Recent discussion about the Catholic Charities of Baltimore’s proposal to co-locate housing for the homeless alongside the preschool and senior housing complex near St. Luke’s Church in Edgemere has again brought the issue of homelessness in Eastern Baltimore County into focus.
While we should be able to agree that the issue merits our attention, we should also agree to approach the challenge in a thoughtful and comprehensive way. I do not support what has become an ad hoc way of placing social services. That is why I formally developed and submitted a plan to the Baltimore County administration urging the creation of a comprehensive service site away from major commercial and residential corridors.
We have an obligation to identify solutions to the pressing challenges we face as a community. Indeed, finding the right housing and rehabilitation options are critical if we ever hope not only to meet the needs of the homeless, but also to end their dependency on government services and return them to being productive citizens.
Aiding the less fortunate members of our community must be done thoughtfully. Haphazardly placing resources for people in need throughout a community, near residential housing, near daycares, and in our commercial districts, for example, is neither thoughtful nor productive.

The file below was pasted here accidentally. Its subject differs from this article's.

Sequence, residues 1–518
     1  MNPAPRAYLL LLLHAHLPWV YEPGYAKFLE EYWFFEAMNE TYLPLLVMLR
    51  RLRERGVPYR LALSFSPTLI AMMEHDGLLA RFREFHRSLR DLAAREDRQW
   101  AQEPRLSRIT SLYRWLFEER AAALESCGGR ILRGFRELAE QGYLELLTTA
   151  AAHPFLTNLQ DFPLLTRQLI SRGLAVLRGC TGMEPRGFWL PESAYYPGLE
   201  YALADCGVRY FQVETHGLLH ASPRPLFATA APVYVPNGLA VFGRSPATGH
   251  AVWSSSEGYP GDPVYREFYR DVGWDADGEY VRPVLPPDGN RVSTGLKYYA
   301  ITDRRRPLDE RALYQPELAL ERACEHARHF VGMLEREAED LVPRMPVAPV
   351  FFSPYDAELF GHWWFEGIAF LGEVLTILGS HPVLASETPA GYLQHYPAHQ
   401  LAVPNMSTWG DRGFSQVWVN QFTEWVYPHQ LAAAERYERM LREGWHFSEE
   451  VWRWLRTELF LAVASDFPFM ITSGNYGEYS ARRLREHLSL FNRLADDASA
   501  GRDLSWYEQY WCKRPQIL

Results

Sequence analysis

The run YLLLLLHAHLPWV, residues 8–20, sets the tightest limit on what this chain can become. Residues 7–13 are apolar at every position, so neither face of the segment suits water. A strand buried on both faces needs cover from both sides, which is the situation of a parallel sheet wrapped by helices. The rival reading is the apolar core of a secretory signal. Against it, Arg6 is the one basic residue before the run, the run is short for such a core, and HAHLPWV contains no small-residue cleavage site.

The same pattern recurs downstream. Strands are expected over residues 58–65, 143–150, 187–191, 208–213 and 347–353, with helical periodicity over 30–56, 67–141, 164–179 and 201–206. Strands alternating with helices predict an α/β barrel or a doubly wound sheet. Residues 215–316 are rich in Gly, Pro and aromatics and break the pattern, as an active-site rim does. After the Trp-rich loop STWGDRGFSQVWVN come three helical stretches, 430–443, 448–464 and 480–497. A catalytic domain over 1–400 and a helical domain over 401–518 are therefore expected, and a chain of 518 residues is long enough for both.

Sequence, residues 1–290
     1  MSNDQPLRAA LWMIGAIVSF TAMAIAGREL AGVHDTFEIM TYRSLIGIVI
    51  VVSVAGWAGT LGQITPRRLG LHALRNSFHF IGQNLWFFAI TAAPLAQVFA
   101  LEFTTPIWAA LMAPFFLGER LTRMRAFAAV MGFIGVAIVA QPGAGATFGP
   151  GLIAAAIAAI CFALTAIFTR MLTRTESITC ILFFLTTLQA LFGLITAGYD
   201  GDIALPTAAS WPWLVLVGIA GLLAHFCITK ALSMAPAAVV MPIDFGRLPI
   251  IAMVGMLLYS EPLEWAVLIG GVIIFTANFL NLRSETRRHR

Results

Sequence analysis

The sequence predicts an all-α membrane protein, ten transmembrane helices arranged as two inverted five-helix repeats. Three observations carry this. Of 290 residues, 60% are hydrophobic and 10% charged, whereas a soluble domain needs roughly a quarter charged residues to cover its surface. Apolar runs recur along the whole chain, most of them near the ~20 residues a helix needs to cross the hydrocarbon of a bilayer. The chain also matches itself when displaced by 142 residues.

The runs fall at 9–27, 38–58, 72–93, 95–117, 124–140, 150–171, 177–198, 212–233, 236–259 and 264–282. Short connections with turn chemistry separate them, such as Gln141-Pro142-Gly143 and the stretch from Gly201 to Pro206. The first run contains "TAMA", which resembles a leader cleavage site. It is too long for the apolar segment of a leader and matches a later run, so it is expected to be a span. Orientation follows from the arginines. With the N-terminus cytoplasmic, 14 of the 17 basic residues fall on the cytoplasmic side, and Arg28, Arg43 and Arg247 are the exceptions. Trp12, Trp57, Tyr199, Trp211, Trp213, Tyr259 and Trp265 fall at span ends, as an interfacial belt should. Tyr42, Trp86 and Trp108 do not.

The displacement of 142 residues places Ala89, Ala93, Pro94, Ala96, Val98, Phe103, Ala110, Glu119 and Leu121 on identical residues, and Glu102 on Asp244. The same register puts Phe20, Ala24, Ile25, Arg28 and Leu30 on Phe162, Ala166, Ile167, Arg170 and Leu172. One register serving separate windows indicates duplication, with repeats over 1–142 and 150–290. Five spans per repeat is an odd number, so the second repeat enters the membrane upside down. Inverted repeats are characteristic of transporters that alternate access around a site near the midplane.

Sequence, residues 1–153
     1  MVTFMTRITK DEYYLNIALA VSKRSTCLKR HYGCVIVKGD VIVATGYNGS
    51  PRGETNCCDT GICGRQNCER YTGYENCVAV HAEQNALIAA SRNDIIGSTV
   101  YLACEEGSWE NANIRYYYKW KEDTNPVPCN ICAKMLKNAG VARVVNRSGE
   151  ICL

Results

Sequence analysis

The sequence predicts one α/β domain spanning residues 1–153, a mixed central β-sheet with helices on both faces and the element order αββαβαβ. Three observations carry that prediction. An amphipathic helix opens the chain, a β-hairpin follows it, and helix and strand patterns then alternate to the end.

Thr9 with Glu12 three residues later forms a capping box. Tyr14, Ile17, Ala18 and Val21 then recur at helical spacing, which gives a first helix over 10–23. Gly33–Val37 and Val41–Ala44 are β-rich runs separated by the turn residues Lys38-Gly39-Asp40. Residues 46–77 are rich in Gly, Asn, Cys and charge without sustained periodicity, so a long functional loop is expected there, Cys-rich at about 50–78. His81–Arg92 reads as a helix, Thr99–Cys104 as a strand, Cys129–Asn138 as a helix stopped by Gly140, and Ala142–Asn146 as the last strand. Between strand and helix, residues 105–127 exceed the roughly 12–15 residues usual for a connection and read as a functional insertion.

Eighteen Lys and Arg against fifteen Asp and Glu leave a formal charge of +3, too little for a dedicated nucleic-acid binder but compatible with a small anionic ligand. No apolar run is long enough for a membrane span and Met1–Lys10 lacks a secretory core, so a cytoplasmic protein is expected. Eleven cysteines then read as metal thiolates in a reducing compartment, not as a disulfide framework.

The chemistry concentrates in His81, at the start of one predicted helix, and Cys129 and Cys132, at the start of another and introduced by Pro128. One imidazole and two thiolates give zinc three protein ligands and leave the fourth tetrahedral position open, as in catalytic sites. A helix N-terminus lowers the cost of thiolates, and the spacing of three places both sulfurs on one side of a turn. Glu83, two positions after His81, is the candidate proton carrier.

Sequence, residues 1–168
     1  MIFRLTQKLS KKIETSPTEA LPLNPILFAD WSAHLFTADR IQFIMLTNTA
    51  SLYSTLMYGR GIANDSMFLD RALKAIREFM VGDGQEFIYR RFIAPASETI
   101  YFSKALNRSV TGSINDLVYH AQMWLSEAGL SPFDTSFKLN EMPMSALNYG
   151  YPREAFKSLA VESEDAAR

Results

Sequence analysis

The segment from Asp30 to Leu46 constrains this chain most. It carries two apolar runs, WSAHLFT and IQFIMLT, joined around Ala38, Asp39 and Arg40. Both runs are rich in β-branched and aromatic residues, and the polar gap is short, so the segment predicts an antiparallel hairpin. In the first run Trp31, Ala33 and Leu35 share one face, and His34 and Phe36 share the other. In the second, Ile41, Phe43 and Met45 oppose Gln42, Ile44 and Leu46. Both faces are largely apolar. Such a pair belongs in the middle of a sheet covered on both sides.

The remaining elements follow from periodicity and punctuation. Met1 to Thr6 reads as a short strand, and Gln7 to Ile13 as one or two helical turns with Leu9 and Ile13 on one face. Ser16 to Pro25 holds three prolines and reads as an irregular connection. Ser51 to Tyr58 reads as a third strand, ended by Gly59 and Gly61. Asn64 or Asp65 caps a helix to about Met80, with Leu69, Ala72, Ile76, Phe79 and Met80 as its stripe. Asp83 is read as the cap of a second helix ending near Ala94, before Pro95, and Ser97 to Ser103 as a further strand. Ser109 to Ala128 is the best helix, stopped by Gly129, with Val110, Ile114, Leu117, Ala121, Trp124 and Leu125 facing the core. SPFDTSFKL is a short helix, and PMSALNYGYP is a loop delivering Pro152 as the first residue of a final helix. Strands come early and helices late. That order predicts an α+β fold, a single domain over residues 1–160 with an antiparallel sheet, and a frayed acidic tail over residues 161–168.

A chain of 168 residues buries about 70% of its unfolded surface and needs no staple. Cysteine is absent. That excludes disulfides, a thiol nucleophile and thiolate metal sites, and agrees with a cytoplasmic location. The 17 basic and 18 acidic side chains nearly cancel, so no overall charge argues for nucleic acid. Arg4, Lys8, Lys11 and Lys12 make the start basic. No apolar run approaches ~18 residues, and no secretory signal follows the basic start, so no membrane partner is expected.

For example, diverting social services, including those for the homeless, away from places like our shopping centers and places of commerce makes sense and can add vibrancy to a commercial district. It can also help us avoid the placement of services near vulnerable populations such as young children.
The good news is that there are ways that we can remove these sporadic social services from key residential and commercial areas while still helping those in need.
My proposal would leverage the essentially vacant Diamond Point Shopping Center, relatively far removed from other commerce and residential housing, as an effective location to provide services for both Dundalk and Essex residents in need. The property is slated for auction in early November.
Diamond Point’s substantial space could allow for multiple services to be provided there, including the type of services envisioned by Hosanna House. Under this scenario, rather than simply providing shelter from homelessness, individuals receiving shelter would have access to effective job training and counseling services all in one location.
Rather than have a patchwork of services in commercial districts and among residential communities, we should create a comprehensive location that would best serve those in need—something research has confirmed has the most positive benefits for the disadvantaged.
The need to provide services should not condone placing those services anywhere; likewise, the rational desire to keep services out of certain locations should not keep services from being provided altogether. Using Diamond Point or another suitable location, to create opportunities to remove services from our business and residential corridors and place them into a comprehensive center, reflects this reality.
Creating a location with comprehensive services is best for people in need, as well as for our communities. While it may not be easily accomplished, we can meet the needs of our neighbors while growing robust commercial and residential areas with the coordinated efforts of our government, church, and community leaders.